Monolaurin

Monolaurin is the monoglyceride form of lauric acid, meaning it is one lauric acid molecule attaches to one glycerol core molecule. Normally, fats are packaged by attaching three of them to three binding sites of a glycerol core.

Monolaurin disrupts the cell walls of some common families of pathogenic bacteria such as Streptococcus and Staphylococcus, thereby killing them. It can also kill some viruses that are coated in a fat layer called a lipid envelope. Monolaurin can break through the lipid envelopes of troublesome viruses such as herpes viruses (such as HSV-1, HSV-2, and Epstein-Barr virus), the HIV virus (often blamed for AIDS), and influenza viruses. There is also research that says monolaurin can harm some disease-causing protozoa such as Giardia.

Although monolaurin is commonly derived from coconut, simply eating coconut or coconut oil will not raise levels of monolaurin very high. That’s because most of the lauric acid is in the form of triglycerides. Some processing of the triglyceride form of lauric acid is required to create a high concentration of the monoglyceride form.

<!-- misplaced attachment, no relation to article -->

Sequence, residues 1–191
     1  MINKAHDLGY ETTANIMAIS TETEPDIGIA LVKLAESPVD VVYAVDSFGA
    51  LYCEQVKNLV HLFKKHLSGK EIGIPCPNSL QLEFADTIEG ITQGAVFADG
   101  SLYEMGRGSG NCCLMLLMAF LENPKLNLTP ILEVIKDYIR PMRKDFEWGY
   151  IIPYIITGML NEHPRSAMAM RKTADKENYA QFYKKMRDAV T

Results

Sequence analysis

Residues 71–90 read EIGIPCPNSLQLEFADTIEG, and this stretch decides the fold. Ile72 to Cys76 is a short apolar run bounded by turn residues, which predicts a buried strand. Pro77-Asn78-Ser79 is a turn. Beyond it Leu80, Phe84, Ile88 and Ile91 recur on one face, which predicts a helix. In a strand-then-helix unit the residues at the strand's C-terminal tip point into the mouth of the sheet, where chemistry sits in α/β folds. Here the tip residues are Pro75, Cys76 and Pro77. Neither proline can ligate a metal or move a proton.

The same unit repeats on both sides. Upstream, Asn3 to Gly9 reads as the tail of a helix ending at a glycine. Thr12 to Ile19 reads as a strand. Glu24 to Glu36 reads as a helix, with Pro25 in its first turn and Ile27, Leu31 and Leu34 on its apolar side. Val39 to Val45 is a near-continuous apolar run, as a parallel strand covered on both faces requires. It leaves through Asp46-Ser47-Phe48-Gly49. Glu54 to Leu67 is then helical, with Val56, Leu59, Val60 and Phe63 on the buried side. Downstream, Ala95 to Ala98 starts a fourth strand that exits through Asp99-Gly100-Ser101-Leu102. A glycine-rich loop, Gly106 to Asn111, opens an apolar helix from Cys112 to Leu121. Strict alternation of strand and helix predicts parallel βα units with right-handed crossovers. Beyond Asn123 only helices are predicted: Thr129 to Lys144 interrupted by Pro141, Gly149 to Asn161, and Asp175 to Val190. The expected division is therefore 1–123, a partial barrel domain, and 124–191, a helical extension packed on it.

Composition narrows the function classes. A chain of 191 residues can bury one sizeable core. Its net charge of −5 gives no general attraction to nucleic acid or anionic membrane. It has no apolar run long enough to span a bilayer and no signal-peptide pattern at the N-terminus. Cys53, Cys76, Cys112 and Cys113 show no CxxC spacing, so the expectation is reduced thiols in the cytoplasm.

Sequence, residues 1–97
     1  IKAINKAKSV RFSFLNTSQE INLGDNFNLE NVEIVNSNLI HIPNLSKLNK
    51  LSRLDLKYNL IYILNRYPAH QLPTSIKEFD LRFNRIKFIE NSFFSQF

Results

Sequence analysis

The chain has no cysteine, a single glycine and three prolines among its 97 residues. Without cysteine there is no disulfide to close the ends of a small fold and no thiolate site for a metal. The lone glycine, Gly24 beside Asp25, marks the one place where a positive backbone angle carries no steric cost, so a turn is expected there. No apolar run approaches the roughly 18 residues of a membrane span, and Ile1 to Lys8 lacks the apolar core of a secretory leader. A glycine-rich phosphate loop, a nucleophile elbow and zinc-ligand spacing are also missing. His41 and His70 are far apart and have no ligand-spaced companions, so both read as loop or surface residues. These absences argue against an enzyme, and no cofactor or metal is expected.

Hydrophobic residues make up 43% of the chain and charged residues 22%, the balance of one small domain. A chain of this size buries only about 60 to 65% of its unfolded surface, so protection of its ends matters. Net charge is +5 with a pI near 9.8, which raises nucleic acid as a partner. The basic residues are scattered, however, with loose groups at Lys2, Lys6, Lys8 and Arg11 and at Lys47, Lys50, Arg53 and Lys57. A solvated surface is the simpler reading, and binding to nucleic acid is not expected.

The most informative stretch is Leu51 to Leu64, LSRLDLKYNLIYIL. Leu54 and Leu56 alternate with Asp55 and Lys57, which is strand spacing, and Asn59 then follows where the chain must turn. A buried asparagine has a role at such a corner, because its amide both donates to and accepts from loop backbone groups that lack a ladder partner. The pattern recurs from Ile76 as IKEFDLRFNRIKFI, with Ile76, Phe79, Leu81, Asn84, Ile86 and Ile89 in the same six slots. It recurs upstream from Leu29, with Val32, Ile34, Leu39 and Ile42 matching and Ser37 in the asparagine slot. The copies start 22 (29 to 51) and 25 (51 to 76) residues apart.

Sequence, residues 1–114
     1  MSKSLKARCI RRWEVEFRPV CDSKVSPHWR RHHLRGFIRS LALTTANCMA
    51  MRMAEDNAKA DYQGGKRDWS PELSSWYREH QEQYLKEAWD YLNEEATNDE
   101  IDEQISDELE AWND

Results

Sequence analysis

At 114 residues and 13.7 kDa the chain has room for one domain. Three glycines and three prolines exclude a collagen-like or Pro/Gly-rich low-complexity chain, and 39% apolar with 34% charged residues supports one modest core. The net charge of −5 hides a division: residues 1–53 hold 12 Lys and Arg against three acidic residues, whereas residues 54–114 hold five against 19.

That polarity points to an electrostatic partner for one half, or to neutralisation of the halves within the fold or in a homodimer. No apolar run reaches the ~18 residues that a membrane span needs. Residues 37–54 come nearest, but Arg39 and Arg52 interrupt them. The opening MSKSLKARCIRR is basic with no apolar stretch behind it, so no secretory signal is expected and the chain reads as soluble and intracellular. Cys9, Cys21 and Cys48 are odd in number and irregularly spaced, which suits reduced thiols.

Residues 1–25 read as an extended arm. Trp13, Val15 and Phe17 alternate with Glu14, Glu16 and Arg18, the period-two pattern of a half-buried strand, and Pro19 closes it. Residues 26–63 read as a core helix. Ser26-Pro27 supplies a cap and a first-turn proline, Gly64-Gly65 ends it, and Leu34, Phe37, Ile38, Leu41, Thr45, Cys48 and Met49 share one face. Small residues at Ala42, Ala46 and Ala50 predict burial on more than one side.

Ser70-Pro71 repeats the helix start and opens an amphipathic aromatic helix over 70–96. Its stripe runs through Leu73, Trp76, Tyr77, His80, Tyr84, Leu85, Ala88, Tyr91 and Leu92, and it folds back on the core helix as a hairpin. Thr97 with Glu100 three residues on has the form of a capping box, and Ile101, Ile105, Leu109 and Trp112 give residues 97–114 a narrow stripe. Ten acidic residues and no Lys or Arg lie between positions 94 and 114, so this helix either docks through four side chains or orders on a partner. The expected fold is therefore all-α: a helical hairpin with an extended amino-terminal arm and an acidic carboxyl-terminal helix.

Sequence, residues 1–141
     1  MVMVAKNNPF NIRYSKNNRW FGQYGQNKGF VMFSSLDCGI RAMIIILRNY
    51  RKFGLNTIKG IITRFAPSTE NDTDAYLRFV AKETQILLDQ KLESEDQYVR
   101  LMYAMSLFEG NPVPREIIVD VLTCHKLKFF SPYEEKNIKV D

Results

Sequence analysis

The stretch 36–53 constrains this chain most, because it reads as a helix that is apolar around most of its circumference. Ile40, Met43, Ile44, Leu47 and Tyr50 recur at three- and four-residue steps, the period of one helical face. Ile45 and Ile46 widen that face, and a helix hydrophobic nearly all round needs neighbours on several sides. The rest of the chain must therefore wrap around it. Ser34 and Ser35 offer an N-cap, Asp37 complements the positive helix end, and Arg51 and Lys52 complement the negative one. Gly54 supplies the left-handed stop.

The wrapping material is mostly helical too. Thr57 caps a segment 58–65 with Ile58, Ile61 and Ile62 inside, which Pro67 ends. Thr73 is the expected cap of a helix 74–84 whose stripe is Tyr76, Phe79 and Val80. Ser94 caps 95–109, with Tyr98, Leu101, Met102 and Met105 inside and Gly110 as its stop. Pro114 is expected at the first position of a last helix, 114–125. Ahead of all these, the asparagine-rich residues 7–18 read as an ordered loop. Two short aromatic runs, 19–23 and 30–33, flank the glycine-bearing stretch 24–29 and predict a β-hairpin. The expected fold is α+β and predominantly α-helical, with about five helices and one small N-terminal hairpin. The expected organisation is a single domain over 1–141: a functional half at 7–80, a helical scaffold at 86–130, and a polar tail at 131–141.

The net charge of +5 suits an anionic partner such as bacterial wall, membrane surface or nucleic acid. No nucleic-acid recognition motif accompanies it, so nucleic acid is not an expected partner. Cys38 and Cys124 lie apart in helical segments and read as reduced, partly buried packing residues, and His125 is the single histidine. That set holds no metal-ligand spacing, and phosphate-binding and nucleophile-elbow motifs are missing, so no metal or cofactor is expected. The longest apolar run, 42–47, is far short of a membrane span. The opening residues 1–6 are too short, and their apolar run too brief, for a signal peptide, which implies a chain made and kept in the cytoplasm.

The least expensive way to take monolaurin is as pellets that you put in your mouth and swallow with a drink of water. The 21 ounce container of Ultimate Monolaurin is at the time of this writing the least expensive such product and rates very well. Do not chew the pellets if you want to avoid an unpleasant taste, just swallow them.

Be sure to start with a low dosage and work your way up to full dosage over a period of at least a few days. If you start with a high dosage, it may kill off so many pathogens at once that you get a worsening of symptoms known as a Herxheimer reaction. In rare extreme cases, this could even be life-threatening. If you start low and ramp up, you can monitor for the signs of Herxheimer and pause or step back on the dosage until it goes away.

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Conditions For Which Use May Be Beneficial

Acute viral infections such as the flu or herpes
Chronic viral infections such as Epstein-Barr virus and Cytomegalovirus
Infections with gram positive bacteria such as Streptococcus and Staphylococcus
Certain protozoal infections such as Giardia

Conditions For Which Use May Be Ineffective

Rhinovirus – common colds do not have lipid envelopes

Conditions For Which Use May Be Detrimental

Starting with a high dosage to fight any severe infection may cause a Herxheimer reaction. Start with a low dosage and ramp up over a period of time to help reduce the risk of this.

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Further Reading

Coconut: In Support of Good Health in the 21st Century


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